For more hassle free results, it pays to mount the spotter on a monopod, and because these are very lightweight and fold up to very convenient sizes, they can be carried about in a rucksack, with no hassle to the rambler.
This would be a good place to compare and contrast some of the specifications of this Svbony mini ED spotting scope to an outwardly similar instrument – the Celestron Hummingbird 9-27 x 56mm ED. As well as having a significantly closer focus than the Hummingbird, it also sports a wider field of view. The Svbony has a field of view range from 2.1 to 4.5 angular degrees, as compared with the Hummingbird at 1.9 to 4.2 degrees. This makes object acquisition that little bit easier with the Svbony The eye relief is also better on the Svbony mini spotter (18mm as opposed to 15mm). Furthermore, the Svbony is about 30g lighter than the Celestron scope. But perhaps the best news of all is that the Celestron Hummingbird ED mini spotter retails for about £299.99. That’s a 66 per cent mark up in price compared with the Svbony! Is the Hummingbird really any better? I have my doubts!
Notes Gleaned from Looking at the Night Sky
Reviewers who only carry out terrestrial observations during daylight hours are prone to miss some important details about their subject instruments. As a case in point, I use my right eye for astronomical viewing through all my telescopes, and this little Svbony was no exception. At 9x I noticed the mild astigmatism in my own eye was showing up in images of bright stars in the spotting scope’s field of view. But when I cranked up the power to 27x, the astigmatism was noticeably less. Viewing with my glasses on effectively eliminated this astigmatism. Had I confined my viewing to daytime targets, I would be none the wiser to this aberration originating from my own eyes.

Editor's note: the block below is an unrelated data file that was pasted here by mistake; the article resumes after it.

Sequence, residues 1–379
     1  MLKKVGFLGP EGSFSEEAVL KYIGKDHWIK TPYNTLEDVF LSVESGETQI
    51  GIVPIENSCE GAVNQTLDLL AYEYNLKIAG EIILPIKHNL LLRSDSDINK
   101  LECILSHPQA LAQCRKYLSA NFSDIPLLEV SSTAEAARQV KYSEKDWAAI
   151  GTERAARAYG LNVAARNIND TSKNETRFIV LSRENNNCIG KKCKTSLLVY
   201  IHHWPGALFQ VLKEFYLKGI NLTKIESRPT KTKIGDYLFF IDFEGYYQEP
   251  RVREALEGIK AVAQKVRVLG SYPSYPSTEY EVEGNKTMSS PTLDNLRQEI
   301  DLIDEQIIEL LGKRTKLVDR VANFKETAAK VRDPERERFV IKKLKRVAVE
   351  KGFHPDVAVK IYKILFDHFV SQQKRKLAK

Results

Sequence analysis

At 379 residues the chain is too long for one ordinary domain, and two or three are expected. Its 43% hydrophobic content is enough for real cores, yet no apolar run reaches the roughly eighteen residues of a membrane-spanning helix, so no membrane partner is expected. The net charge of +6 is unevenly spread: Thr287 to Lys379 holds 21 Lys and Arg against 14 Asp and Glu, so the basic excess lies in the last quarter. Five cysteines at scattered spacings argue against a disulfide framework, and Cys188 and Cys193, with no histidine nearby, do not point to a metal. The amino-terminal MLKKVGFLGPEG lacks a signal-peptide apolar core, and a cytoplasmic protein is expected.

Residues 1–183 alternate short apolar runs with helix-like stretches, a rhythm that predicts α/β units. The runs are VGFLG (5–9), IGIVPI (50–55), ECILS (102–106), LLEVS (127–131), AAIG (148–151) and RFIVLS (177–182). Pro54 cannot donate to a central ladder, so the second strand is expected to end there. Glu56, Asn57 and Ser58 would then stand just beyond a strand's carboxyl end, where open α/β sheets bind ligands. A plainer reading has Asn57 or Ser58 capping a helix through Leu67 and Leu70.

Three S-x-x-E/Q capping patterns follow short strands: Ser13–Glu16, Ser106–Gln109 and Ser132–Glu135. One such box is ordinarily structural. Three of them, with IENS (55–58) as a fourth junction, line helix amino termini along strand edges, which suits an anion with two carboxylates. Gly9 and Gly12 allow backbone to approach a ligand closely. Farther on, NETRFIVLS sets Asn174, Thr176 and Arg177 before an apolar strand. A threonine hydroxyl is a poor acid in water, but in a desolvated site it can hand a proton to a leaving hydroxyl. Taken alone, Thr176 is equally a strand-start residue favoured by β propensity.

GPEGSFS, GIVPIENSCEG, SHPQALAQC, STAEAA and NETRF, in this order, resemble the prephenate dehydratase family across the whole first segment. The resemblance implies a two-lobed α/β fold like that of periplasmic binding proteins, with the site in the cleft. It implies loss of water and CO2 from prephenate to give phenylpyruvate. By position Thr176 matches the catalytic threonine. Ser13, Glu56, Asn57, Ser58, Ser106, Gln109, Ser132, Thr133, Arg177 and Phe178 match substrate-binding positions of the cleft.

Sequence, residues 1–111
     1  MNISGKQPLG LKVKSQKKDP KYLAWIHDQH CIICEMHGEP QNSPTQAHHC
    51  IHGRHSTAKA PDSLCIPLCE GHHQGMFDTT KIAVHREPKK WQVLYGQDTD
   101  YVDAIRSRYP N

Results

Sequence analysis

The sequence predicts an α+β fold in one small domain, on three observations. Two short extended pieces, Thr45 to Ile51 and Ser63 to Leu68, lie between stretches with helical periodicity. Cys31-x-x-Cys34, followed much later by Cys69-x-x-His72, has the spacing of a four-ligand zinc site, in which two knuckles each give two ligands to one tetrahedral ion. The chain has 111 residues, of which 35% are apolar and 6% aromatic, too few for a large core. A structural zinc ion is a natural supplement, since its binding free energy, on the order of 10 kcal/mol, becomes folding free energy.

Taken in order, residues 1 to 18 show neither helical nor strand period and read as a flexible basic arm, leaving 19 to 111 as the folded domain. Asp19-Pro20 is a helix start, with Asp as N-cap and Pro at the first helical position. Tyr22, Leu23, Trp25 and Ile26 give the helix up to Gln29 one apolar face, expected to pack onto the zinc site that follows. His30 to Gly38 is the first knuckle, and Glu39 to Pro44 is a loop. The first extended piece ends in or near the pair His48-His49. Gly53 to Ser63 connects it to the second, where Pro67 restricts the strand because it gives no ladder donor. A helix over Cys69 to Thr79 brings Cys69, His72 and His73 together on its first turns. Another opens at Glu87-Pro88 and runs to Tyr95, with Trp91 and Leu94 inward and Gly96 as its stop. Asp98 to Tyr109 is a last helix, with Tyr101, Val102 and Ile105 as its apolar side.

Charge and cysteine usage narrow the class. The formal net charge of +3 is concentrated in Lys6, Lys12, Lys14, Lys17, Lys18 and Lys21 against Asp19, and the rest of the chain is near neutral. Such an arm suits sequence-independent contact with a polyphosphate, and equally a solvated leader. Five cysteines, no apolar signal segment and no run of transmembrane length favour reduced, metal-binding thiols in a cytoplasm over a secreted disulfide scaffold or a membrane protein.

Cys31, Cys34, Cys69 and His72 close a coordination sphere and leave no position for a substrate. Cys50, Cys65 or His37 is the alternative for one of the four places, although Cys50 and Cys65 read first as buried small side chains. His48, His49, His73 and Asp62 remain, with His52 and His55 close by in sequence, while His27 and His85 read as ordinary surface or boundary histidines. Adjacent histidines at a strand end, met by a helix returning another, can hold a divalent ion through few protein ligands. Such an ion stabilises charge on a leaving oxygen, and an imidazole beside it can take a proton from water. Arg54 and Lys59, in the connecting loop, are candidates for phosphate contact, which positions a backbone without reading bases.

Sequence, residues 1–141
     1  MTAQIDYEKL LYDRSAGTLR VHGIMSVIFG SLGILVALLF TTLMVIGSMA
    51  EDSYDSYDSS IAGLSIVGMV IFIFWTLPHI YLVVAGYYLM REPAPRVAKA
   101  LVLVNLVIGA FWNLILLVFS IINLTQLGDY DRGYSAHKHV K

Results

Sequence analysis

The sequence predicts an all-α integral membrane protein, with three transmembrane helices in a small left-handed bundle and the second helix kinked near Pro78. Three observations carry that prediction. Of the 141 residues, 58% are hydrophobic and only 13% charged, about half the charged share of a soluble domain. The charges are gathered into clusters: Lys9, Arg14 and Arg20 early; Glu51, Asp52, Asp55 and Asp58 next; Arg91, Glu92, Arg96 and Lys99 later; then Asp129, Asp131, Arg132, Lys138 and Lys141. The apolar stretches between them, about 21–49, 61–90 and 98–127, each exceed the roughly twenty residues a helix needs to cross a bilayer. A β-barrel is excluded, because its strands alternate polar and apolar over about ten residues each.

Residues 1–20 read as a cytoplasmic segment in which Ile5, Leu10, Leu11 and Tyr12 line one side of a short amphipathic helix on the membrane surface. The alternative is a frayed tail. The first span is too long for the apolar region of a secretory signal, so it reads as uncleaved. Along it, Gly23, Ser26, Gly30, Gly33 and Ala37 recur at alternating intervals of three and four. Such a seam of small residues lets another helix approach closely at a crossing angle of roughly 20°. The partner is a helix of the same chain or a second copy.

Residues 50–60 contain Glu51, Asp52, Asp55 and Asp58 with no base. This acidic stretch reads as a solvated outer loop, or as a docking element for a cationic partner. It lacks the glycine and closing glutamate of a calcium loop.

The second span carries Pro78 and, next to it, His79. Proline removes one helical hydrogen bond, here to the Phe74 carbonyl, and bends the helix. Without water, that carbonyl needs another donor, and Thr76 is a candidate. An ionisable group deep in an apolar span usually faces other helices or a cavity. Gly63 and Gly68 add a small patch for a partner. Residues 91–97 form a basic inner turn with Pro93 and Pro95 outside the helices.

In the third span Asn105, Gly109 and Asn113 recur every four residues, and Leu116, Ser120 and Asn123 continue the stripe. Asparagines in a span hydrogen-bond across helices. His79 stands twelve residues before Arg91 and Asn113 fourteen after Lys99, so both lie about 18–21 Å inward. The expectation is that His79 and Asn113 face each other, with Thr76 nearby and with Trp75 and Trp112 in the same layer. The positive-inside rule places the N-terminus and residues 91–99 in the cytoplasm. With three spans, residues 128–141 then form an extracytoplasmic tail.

Star images remained nice and tight nearly all the way to the field stop at all magnifications, just as the photos above reveal. The instrument clearly has a very flat and well corrected field.
The Svbony SV 410 mini ED spotting scope proved to be an excellent instrument for observing the Moon, which I enjoyed doing over a couple of weeks in October. There are no annoying reflections and diffraction spikes in the images it served up. A great amount of detail was gleaned at 27x; craters, maria, valleys and mountains all showed up with beautiful sharpness and contrast. I detected some slight fringing at the lunar limb, but this was also sensitive to eye placement. In comparison to my 20 x 60 Pentax PCF binocular, the Svbony showed slightly less colour fringing on the Moon but was its equal for sharpness and contrast – a very good result indeed, as I rate the latter very highly as a Moon-gazing binocular.